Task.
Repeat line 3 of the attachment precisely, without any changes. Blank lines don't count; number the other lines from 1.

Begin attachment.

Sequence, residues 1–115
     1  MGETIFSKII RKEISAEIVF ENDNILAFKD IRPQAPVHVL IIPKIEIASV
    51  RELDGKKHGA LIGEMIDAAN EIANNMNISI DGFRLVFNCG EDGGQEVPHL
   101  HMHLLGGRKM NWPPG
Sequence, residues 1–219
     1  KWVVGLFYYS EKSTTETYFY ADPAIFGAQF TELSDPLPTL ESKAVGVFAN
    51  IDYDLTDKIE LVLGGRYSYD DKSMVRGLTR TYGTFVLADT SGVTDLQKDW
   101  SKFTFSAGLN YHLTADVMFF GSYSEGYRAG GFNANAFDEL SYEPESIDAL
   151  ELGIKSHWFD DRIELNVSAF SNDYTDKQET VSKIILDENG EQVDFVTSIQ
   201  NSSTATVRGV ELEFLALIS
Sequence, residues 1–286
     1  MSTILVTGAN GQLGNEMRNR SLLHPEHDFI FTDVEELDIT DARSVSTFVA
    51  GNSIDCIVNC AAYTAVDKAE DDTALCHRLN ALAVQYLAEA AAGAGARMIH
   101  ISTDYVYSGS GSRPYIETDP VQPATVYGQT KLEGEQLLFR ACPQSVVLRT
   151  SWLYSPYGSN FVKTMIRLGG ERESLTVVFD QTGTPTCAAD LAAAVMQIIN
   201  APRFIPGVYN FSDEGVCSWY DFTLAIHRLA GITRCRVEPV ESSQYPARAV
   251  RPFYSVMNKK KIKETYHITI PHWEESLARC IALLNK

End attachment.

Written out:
    51  RELDGKKHGA LIGEMIDAAN EIANNMNISI DGFRLVFNCG EDGGQEVPHL